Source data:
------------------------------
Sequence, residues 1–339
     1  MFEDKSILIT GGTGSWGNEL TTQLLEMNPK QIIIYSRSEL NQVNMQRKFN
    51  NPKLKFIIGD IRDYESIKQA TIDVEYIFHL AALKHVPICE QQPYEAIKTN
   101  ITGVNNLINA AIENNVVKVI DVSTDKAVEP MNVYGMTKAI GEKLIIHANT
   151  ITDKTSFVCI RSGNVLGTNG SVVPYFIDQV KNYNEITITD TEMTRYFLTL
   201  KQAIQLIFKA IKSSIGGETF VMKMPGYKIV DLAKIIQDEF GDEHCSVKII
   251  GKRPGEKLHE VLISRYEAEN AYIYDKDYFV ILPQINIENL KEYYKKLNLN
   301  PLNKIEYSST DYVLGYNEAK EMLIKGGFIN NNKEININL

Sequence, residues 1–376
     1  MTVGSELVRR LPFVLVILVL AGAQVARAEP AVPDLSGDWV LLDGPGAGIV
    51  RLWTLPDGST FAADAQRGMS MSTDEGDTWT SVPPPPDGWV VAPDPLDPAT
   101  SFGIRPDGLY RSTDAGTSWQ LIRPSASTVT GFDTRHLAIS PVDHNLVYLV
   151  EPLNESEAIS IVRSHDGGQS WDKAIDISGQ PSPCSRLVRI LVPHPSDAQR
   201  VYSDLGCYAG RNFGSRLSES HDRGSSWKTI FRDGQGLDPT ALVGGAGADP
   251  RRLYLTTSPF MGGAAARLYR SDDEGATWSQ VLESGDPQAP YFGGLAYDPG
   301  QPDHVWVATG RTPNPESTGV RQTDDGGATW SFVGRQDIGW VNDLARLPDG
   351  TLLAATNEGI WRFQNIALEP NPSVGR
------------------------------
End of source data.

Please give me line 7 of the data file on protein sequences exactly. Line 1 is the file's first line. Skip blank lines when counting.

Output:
   251  GKRPGEKLHE VLISRYEAEN AYIYDKDYFV ILPQINIENL KEYYKKLNLN